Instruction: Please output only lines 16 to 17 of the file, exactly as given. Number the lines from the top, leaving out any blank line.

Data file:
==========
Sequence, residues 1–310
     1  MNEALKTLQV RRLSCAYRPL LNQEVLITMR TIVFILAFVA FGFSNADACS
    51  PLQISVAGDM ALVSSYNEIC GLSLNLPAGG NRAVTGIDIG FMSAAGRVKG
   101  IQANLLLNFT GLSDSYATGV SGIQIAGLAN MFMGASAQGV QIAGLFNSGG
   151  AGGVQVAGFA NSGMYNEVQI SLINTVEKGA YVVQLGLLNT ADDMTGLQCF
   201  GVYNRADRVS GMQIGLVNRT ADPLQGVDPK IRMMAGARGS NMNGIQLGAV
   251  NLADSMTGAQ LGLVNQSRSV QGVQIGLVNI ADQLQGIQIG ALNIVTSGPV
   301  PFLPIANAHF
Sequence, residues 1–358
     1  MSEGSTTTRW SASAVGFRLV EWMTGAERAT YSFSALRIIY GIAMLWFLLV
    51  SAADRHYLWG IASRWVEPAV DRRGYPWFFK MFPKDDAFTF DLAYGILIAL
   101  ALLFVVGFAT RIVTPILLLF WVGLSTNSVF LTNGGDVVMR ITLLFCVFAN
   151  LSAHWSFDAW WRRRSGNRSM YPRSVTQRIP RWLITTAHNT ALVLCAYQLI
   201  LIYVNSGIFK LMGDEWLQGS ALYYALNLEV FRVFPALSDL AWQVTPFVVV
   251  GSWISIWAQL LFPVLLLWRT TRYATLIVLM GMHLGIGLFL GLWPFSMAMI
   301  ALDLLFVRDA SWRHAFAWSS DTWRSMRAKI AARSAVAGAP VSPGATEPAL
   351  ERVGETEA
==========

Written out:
   301  ALDLLFVRDA SWRHAFAWSS DTWRSMRAKI AARSAVAGAP VSPGATEPAL
   351  ERVGETEA